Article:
‘It’s all about margins’: Confessions of an agency millennial

Every year, a new crop of wide-eyed recent college grads make their way into the world of advertising. While some stick around and end up climbing the corporate ladder, others get rudely spit out.

In our latest confession, we catch up with one of the latter: an ex-agency millennial who spent three years in a market research agency until being unceremoniously fired. We interviewed this person who has no plans of continuing to work in advertising, offering confidentiality in exchange for candor.


Did you always want to work in advertising?
I had a liberal arts degree so I was interested in research positions in general, not just advertising. I stumbled upon advertising by accident. I didn’t know much about the industry beforehand but that wasn’t an issue at my agency, because they train all incoming analysts. So as long as you’re willing to learn, you don’t have to come with a specific skillset at the entry-level.

You were recently let go. Did that catch you off guard?
I spent three years at my agency. The hardest part for me was that I had been there for quite a while. I’d been exploring other industries on the side, because I realized it wasn’t for me. But it’s still a blow. I think only certain kinds of people are cut out to work at agencies. You can’t be soft-spoken and can’t not speak up like me. You have to be OK being the client’s bitch.

What do you mean?
You’re always catering to the client’s needs. If a client comes to you on a Friday evening and says we’re changing everything, no one in an agency says no. Even if they know it’s not feasible to completely change everything by Monday, they won’t say no. I guess it’s because when you’re part of a holding company, you have to chase profits.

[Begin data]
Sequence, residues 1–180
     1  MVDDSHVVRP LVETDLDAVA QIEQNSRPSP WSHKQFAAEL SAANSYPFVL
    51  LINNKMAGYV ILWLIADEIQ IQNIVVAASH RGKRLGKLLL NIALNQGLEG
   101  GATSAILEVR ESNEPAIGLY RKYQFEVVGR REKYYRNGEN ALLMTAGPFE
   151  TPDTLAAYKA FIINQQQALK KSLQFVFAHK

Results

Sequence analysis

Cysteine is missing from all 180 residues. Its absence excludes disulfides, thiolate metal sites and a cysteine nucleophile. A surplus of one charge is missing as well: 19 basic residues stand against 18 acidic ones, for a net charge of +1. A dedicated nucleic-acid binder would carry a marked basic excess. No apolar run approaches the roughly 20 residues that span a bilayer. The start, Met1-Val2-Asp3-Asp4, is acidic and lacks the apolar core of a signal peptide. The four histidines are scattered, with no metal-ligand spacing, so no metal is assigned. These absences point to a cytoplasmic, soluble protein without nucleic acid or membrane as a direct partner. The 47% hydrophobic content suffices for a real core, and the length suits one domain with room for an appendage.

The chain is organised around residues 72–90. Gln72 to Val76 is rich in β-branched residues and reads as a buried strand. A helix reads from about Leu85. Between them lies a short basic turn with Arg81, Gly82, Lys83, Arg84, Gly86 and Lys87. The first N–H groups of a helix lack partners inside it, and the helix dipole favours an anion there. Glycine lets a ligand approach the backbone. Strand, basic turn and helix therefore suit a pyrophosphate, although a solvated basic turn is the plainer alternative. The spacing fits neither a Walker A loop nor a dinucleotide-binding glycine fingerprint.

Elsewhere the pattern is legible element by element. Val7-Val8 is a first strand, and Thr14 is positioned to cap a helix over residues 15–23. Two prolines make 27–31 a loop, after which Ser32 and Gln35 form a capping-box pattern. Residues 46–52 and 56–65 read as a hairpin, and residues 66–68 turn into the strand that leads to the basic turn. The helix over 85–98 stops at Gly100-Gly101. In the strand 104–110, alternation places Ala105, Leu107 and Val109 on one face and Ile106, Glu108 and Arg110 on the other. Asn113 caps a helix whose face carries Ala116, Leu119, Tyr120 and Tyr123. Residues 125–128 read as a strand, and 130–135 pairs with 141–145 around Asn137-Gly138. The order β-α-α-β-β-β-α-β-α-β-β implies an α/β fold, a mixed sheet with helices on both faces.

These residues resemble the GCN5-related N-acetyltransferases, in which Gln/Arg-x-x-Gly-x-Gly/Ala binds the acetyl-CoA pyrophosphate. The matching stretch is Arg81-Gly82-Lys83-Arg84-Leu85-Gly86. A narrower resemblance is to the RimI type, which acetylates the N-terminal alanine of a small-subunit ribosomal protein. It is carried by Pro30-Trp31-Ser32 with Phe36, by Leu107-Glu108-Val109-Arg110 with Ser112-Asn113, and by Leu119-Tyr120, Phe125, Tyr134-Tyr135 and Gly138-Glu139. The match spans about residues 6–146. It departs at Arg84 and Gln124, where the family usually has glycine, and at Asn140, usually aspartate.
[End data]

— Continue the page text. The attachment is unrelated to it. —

What were some of the other things you took away from your agency experience?
I’ve only worked at one agency, so I don’t know if this is widespread, but there’s a lot of politics. There are huge communication gaps. It’s very ironic because you’re in the business of communication and yet there are communication gaps. When you’re in the agency business and are working for clients, you’re at their beck and call. It is all about margins. The upper management is always thinking profits and revenue and how that reflects on them as far as the holding company is concerned. And the younger staffers are the ones doing the work and not getting valued.

What was it like as a lower-level employee?
Agencies need to start valuing their younger employees because if they don’t, why would they stick around? It works both ways. Older employees are also struggling because they haven’t been able to cope with things getting more and more automated.

Were there any positives?
You do develop a lot of friendships and relationships. And learn a lot of interpersonal skills and get to work across a breadth of industries. There’s also plenty of opportunities to move around in different departments within agencies these days. I’ve come to terms with the fact that it just wasn’t for me. I’ve learned a lot from the experience and am happy that it happened. I’ve just become more clear about the kind of life and career I want to have.

What do you wish you had done differently?
You can figure out pretty early on if agency life is for you. Like I said, a certain personality type thrives in such a high-pressure environment. I wish I had interned at an agency before because then I would’ve known or molded myself to be more fit to be in an agency. I would encourage people to get internship experience to get a sense of the dynamics.


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